KYLE RAINEY | News Editor
Joyce Piveral’s favorite subject is reading because she said she knows how important it is to be educated.
Her grandmother, a certified teacher who never taught, read to her on many evenings during her childhood while she still lived on a Missouri dairy farm and milked cows at 4 a.m. and 4 p.m. every day.
“That was a great influence as a child on my life, and I wanted to help other children develop a love of reading,” she said.
Piveral was hired in July as Lindenwood’s interim dean of the School of Education. Piveral has one year to evaluate the school with outside eyes and to find a replacement dean. She has held the position of either principal or dean in Missouri for most of her life.
The School of Education’s previous dean, Cynthia Bice, led the department for 11 years and helped establish Lindenwood’s education doctoral program before announcing her retirement at a faculty meeting in late May, according to the Lindenwood Digest.
“I’ve accomplished the goals I set out to accomplish more than a decade ago,” Bice said in the announcement. “Most importantly, the programs at the School of Education Lindenwood are sustainable, and the teacher education program will continue to be one of the leaders in Missouri and nationally.”
Prior to Lindenwood, Piveral was interim dean, and then dean, of the School of Education at Northwest Missouri State University, according to the Northwest Missourian. When she retired from Northwest, Lindenwood officials reached out to her following Bice’s departure.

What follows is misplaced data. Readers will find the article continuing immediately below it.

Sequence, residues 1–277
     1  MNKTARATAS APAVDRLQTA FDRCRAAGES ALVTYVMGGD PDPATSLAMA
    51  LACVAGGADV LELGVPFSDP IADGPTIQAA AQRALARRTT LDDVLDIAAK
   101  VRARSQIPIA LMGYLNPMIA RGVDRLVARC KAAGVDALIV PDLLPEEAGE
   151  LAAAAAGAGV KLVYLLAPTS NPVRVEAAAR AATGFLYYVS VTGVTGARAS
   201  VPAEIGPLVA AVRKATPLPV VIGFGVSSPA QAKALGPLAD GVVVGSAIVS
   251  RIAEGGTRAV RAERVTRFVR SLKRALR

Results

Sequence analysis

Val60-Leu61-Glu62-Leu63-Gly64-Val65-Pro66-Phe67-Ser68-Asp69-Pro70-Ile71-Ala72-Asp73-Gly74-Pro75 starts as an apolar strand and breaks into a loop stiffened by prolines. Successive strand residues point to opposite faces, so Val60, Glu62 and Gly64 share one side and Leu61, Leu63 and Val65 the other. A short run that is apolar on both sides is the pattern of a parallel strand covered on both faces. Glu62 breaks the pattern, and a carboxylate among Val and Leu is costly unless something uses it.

Piveral said her first goal as interim dean is to help search for a new education dean.
Her second goal is to review the department using data and to look into how the department should develop going into the future.
“I’m that outside pair of eyes that hasn’t been here or grown up here to help lend a new lens of ‘How can we focus on the future and progress?'” she said.
I really like the unique opportunity to be here and try to do some things.
The department already has data, but it hasn’t been turned into information. She said she wants to “use that data for action steps” and to help her do things like change the number of students each faculty member advises.
From handing out reading, writing and math problems to her cousins while growing up, to spending more than 30 years teaching and serving in administration in western Missouri high schools and at university, Piveral’s postponed retirement will take her back to the farm.
When her husband, an engineering teacher, retired, he bought land in northwestern Missouri and built a house. Although he cannot always be with her at Lindenwood away from their bean crops and garden, he’s often on her mind.
“It’s hard to leave that [life] and not think about things happening there, but I really like the unique opportunity to be here and try to do some things,” Piveral said. “It’s exciting all over again.”
She said being a high school principal and dean of a college were similar.
“No matter what level you are, you’re serving students,” Piveral said. “You may be serving them in a different way, but you’re serving students and trying to meet their needs so that they’re successful. That really is the end goal for me: making sure students are successful.”